Wil Wheaton answers questions submitted from Slashdot
One of my favorite things to do when I worked on Star Trek was walk through the sets when nobody else was around, just so I could study the graphics. I’m sure you know about the giant Enterprise schematic in Engineering, but for the one person who doesn’t: The huge cutaway view of the Enterprise is filled with little graphical inside jokes, like a hamster wheel where the engine should be, only two restrooms at opposite ends of the ship, NOMAD from the original series, and a few other things that we all figured nobody would ever get close enough to see . . . until one director (I think it may have been Paul Lynch, who liked to yell “Energy! Energy! Energy! Energy! And! And! And! And! And! ACTION!” at the beginning of each take) wanted to do a shot that started close on the cutaway, swept across it, and pulled back into a two shot of me and Brent. When he watched the rehearsal, and saw that there was a giant duck decoy and a “Speed Limit” sign in the middle of his shot, he was pissed. I’m sure the art department felt bad about that, but we all had a god laugh while they reblocked the shot.
The picture to left is a snapshot of the girls after it’s been run through the Polaroid-o-nizer™. This is a free site that will take an online image (you can’t upload one directly) and transform it to look like a Poloroid instant picture.
It’s nothing that you couldn’t do your self with any decent image editing application (except for this). You can view a large size of the image by clicking on it. The original version can be viewed from here.
“Your Dumpster Diving and Curb Crawling Resource.”
What the frak is this? Everytime I think I’m getting close to the End of the Internet, I come across something like this site
[courtesy of Metafilter]
This looks cool, a “WSE tracing tool written in WSE. I’m not sure if I would ever use it, I like using Etheral because it’s not limited to SOAP or WSE. I would like to see the source code to see how it was implemented.
Over the weekend, my Tivo suggested that I record the trailer for King Kong. Being easily persuaded by cheeky gadgets, I let it record it. Come on, it’s got Jack Black in it. It looks like a period piece, a remake of the original version. It’s either going to be really good or really bad, I didn’t see any middle ground on this one. You can view it online here (QuickTime).
They’re back! Just when you thought the 80’s were finally over, somebody has ported Lemmings to the browser.
Testing an ASP.NET application on an XP box can be a royal pain in the ass sometimes (Ok, most of the time). It’s version of IIS is the idiot brother of the IIS that comes with Windows Server. It only supports a single site. That’s kind of annoying, but doesn’t impact the stuff that I work on. The true joy of XP’s IIS is the limit of 10 concurrent connections. I’ve hit that wall before. The Coding Horror has some tips on how to bypass that limitation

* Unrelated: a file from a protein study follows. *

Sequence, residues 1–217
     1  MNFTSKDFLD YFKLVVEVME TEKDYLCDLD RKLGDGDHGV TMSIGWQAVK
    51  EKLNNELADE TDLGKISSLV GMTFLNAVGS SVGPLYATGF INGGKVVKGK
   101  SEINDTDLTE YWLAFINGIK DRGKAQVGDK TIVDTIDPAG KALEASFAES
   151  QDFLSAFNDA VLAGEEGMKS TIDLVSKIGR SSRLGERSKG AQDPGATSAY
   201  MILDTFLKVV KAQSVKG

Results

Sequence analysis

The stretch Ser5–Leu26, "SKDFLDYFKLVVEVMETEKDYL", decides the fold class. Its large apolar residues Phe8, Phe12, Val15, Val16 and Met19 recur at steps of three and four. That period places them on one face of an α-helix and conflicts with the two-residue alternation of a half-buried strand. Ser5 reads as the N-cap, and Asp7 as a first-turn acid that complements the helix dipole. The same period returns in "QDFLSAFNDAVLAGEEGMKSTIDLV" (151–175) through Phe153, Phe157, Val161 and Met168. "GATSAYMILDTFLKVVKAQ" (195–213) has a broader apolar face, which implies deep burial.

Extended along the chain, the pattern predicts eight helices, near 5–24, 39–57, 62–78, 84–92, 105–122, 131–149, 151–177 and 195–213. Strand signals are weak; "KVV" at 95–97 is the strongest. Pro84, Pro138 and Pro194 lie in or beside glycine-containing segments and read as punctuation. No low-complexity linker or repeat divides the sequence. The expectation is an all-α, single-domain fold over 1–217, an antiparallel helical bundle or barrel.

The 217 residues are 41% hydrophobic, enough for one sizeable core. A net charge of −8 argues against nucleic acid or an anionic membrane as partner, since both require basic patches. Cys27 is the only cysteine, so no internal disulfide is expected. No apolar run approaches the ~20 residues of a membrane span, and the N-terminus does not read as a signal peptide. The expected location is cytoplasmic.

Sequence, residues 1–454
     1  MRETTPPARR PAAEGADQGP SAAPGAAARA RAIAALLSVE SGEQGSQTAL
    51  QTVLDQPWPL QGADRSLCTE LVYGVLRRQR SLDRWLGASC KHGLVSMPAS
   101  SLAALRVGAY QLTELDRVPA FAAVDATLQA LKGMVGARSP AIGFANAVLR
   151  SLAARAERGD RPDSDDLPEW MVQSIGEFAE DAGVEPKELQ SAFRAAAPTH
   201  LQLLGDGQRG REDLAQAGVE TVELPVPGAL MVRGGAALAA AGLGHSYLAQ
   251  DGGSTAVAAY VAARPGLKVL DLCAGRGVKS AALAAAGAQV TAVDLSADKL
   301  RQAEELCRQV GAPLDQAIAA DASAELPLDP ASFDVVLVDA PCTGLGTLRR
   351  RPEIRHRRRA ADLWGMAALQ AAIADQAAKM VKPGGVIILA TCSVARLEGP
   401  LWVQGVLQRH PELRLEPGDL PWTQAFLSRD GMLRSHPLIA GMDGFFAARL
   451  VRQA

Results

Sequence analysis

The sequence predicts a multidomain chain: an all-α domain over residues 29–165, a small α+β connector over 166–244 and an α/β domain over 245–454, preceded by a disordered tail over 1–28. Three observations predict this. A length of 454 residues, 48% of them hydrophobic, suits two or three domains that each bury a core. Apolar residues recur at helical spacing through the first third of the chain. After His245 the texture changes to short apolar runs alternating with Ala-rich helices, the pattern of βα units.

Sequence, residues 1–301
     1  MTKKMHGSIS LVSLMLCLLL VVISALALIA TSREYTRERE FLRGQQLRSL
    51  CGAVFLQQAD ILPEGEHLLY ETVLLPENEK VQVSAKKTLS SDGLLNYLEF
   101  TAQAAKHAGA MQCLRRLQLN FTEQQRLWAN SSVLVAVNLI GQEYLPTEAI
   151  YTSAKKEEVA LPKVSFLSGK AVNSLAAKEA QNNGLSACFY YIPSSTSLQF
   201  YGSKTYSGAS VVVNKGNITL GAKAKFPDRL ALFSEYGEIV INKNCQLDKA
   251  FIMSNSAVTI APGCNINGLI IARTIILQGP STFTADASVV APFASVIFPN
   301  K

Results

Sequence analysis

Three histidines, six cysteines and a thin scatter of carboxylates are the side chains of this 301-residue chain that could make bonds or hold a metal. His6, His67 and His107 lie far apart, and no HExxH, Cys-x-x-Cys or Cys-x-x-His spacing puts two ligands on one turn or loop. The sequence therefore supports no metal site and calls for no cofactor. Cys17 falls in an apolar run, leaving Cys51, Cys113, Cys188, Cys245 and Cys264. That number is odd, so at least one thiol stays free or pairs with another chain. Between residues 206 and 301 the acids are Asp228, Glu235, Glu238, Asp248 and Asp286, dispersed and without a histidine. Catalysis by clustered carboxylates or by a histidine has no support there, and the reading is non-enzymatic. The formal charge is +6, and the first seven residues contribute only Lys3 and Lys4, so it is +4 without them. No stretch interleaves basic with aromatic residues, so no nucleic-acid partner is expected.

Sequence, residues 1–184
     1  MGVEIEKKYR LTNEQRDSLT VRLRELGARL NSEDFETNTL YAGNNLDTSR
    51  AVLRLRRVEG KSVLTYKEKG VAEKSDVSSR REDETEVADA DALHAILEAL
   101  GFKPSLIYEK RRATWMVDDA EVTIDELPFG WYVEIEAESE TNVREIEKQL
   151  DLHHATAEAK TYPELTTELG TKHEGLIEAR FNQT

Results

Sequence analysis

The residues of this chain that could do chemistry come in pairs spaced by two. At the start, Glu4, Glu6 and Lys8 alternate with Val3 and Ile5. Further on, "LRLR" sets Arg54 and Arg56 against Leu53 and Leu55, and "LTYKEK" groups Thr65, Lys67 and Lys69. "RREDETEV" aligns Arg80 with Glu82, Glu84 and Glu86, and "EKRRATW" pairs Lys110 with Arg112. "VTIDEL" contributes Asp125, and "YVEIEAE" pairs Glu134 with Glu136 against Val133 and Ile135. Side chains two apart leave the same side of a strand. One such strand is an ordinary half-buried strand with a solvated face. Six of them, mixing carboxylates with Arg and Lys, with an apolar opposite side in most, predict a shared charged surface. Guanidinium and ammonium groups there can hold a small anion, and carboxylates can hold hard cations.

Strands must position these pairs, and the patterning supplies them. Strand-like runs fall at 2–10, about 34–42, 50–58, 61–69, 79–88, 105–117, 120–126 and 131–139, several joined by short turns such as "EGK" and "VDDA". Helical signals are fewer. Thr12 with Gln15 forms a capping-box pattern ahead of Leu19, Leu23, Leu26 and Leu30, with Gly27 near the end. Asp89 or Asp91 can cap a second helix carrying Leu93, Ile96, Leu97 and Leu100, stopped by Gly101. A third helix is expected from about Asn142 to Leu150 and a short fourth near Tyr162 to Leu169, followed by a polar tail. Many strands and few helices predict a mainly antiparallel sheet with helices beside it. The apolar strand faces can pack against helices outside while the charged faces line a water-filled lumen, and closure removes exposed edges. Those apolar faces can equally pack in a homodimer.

Here are some interesting tidbits about ASP.NET 2.0….
ASP.NET 2.0 introduces a number of special directories for application resources. These directories live as subfolders in the application root, have special names, and offer various shortcuts and conveniences to web developers. One such folder is the App_Code folder. You can drop a .cs file into the App_Code folder, even while an application is running, and the runtime will automatically compile all the code inside the folder into an assembly.
The App_Code folder is one of those features experienced developers will shun in favor of class libraries. Other folders have definite advantages. For example, the App_Browsers folder will allow you to update browser definitions (browsercaps) for an application. In a shared hosting environment today, you’d have to clutter up web.config with new browsercaps. There are also special directories for skin files (App_Themes), resource files (App_GlobalResources, App_LocalResources, App_Resources), and web references (App_WebReferences). As always, the trusty Bin directory will also be around. Then there is App_Data. You can plop SQL Server data (.mdf) and log files (.ldf) into the directory, and have the engine attach dynamically by using AttachDBFileName in the connection string. App_Data will be a useful feature for people in shared hosting environments, where XCOPY and FTP deployment options are the only options available.
[Via K. Scott Allen]
I would like to see how the App_Data directory will play out in the real world. Most of the shared hosting plans have their own mechanism for handling client databases, it looks easy to add a database by just FTP’ing it in, but what about when you want to replace a database? You’ll still need to detach a database first.